The National Security Agency and others in the intelligence community are authorized to collect the call logs under 2001’s Patriot Act. Congress maintains oversight and federal judges on the Foreign Intelligence Surveillance Court must approve all data requests. In 2011, Congress renewed the Patriot Act for an additional four years.

Protestors Rally Outside Drone Conference in Buckhead

Protestors Rally Outside Drone Conference in Buckhead

90.1 FM WABE
Jonathan Shapiro

Protestors gathered in Atlanta Tuesday to rally against the nation’s drone strike program. They demonstrated outside a Buckhead hotel currently hosting a national conference on drone aircraft.

As nearby cars whizzed by Peachtree Street, long-time Atlanta civil rights advocate and Air Force veteran Joe Beasley said the drone strikes need to stop.

“I would implore President Obama to move away from these drones. It’s just deplorable. It’s just cowardice,” said Beasley.

He was flanked by about two dozen protestors with signs calling for an end to the nation’s drone strike program.

The rally comes just a week after the president vowed to dramatically reduce drone strikes and make the program more transparent. He said there'd be a new emphasis on capturing suspects instead of killing them and targeting only those who pose a continuing and imminent threat to the U.S. He also pledged to transfer oversight of the program from the CIA to the Pentagon, a move that would make more information available to the public.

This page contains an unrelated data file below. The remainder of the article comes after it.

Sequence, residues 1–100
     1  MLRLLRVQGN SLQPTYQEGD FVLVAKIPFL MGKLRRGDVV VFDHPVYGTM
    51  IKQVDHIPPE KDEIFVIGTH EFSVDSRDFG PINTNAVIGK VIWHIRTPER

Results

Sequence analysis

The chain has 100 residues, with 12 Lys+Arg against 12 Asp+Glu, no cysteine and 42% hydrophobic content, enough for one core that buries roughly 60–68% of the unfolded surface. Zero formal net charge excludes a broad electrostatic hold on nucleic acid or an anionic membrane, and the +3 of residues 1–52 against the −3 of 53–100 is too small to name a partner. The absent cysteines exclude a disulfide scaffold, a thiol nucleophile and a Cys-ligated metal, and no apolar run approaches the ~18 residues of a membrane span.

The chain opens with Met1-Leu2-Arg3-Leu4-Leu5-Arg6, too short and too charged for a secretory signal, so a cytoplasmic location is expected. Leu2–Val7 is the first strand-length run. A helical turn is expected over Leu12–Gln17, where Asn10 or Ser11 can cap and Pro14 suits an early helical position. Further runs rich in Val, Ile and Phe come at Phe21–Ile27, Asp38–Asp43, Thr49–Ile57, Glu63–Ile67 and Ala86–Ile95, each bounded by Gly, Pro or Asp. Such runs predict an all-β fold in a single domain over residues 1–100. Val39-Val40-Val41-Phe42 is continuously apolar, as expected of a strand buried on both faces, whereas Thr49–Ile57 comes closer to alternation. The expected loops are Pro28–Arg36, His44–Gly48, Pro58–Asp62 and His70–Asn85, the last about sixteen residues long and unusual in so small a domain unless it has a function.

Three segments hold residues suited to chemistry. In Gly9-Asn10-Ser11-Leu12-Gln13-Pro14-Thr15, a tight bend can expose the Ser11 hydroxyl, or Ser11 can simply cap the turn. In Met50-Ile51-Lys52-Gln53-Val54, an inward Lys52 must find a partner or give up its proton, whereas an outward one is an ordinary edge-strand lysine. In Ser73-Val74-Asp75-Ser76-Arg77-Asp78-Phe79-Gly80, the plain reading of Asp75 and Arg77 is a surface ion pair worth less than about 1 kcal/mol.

But at the rally, Georgia ACLU attorney Azadeh Shahshahani said the president didn't go far enough.

“To the extent that there’s going to be extra oversight, that’s good, but it doesn’t end the problem that the program is going to continue and people far from any battlefield without charge or trial are going to be killed,” said Shahshahani.

A recent Gallup poll shows 65 percent of Americans support the use of drone strikes against suspected terrorists based overseas. That number drops to 41 percent when targeting U.S. citizens in other countries who are suspected of terrorism.

Speaking at a press conference in Washington after the president’s counterterrorism remarks, Georgia’s Saxby Chambliss, the top Republican on the Senate Intelligence Committee, argued the use of covert drone strikes remains a vital tool in the War on Terror.

“To open the books, so to speak, on the drone program does not make America a safer place to live.”